The quality of content and discussion on LinkedIn in recent weeks from eminent scientists, academics, leaders, not-for-profits, businesses and members has been as voluminous as it has been cogent and brave. The level of contributions from so many industry heads and true thought leaders in their fields has been immense.

These people seem to have come out of the woodwork. I have looked at the past content history of many of them and there was low engagement in recent times. This change is a positive sign of the power of LinkedIn and the opportunity it promises. Inactive members are now robustly adding to the platform to influence and raise conversations.  

Given the depth and breadth of posters and conversations, I predict those contributors will continue to engage and connect with others in 2020. And this has strong implications for the value of LinkedIn membership broadly. After all, it’s a place for building aligned networks and rich learnings and conversations. A deeper, richer and more collegiate group of c-suites and leaders will be using the platform along with their associates. I also foresee the platform will be used by many differently and from other sectors and extended think tanks being encouraged.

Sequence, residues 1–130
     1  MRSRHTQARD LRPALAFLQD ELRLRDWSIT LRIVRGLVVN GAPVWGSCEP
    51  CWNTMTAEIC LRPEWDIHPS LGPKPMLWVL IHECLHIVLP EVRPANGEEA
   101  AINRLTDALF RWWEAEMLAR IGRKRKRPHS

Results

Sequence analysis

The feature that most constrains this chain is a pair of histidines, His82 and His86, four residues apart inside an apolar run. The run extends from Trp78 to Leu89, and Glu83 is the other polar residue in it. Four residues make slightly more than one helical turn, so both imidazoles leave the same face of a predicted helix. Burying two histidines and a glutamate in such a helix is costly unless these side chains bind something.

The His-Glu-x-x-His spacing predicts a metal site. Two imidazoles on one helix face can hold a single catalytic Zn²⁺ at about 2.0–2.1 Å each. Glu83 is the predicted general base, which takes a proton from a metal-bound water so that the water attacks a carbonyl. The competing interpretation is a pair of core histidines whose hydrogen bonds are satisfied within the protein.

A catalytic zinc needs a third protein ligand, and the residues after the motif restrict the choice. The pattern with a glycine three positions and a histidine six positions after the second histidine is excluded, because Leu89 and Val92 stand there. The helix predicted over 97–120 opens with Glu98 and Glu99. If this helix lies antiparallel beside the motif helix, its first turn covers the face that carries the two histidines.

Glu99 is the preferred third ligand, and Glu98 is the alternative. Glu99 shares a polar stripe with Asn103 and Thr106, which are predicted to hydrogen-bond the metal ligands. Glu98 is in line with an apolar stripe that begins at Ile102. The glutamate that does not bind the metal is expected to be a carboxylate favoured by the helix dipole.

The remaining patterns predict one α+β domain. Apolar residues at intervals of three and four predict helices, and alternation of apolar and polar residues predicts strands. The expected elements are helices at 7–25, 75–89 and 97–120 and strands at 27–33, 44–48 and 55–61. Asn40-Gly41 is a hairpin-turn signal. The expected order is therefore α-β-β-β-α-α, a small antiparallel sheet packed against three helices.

Use your voice, with respect

On LinkedIn, it’s not only what is said and written that is important, but also how it is done. There is a line between political correctness and moral sensitivity. At the end of the day, it is a business focussed platform and people’s memories are long. How your comments are written and interpreted may bite you months down the track.

As a country Australia is divided in so many ways across political opinions, actions and inaction, and it makes sense that this will spill over onto LinkedIn engagement. Personal insults, derogatory comments (including references to the dress and speech of bushfire victims) by professionals will damage their brand. Likewise, disgorging personal attacks and venom are not appropriate. People will observe and judge your brand and values by what you write. Remember, the vibe attracts your tribe on LinkedIn. Name calling and attacking without logic and cruelty will definitely be remembered as 2020 moves on.